Heparanase levels are elevated in the plasma of pediatric cancer patients and correlate with response to anticancer treatment

Itay Shafat, Ayelet Ben Barak, Sergey Postovsky, Ronit Elhasid, Neta Ilan, Israel Vlodavsky, Miriam Weyl Ben Arush

Research output: Contribution to journalArticlepeer-review

Abstract

Heparanase is an endoglycosidase that specifically cleaves heparan sulfate (HS) side chains of heparan sulfate proteoglycans, the major proteoglycan in the extracellular matrix (ECM) and cell surfaces. Heparanase upregulation was documented in an increasing number of primary human tumors, correlating with reduced postoperative survival rate and enhanced tumor angiogenesis. The purpose of the current study was to determine heparanase levels in blood samples collected from pediatric cancer patients using an ELISA method. Heparanase levels were elevated four-fold in the plasma of cancer patients compared with healthy controls (664 ± 143 vs 163 ± 18 pg/ml, respectively). Evaluating plasma samples following anticancer therapy revealed reduced heparanase levels (664 ± 143 vs 429 ± 82 pg/ml), differences that are statistically highly significant (P = .0048). Of the 55 patients with complete remission (CR) or very good partial remission (VGPR) at restaging, 41 (74.5%) had lower heparanase amounts, whereas 14 patients (25.5%) had similar or higher amounts of plasma heparanase. All nine patients with stable or advancing disease had similar or elevated levels of heparanase on restaging. The results show that heparanase levels are elevated in the plasma of pediatric cancer patients and closely correlate with treatment responsiveness, indicating that heparanase levels can be used to diagnose and monitor patient's response to anticancer treatment.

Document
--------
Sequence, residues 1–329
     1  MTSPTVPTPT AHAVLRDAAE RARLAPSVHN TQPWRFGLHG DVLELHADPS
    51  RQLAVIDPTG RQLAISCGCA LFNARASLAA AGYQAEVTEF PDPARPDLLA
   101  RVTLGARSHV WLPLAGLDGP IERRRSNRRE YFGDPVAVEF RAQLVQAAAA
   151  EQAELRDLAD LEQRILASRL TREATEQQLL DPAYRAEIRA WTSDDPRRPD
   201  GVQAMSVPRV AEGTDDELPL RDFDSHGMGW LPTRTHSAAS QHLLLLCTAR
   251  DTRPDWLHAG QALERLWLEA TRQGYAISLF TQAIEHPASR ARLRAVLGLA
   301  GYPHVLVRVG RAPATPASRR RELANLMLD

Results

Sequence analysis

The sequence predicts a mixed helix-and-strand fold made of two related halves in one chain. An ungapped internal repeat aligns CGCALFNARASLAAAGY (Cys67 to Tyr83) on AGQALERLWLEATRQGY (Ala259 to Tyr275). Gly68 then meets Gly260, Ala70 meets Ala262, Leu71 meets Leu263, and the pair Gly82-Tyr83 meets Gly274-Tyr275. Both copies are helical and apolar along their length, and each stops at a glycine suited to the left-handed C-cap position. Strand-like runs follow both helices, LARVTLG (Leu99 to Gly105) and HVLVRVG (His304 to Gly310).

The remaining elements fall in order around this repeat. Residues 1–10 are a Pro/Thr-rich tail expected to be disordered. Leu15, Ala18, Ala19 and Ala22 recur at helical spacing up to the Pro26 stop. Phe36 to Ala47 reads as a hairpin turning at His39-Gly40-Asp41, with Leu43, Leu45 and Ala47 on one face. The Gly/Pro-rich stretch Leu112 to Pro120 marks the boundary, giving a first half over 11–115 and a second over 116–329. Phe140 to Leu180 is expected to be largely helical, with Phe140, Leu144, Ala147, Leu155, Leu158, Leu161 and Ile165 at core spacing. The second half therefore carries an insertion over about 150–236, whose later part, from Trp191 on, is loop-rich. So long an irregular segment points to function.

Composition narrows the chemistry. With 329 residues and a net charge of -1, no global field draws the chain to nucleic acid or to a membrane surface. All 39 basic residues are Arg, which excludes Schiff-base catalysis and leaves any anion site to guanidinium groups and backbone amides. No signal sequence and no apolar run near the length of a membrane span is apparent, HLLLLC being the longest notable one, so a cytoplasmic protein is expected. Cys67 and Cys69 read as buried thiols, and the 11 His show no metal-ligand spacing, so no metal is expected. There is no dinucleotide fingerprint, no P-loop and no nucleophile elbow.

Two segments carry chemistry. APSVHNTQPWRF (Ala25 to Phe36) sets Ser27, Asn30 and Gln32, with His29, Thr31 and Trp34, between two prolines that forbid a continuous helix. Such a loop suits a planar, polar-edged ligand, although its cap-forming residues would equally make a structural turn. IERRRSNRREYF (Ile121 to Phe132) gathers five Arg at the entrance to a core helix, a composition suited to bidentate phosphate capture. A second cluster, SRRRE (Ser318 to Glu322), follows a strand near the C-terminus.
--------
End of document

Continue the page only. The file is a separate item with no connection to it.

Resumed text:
Original languageEnglish
Pages (from-to)909-916
Number of pages8
JournalNeoplasia
Volume9
Issue number11
DOIs
StatePublished - Nov 2007
Externally publishedYes

Keywords

  • Anticancer treatment
  • ELISA
  • Heparanase
  • Marker

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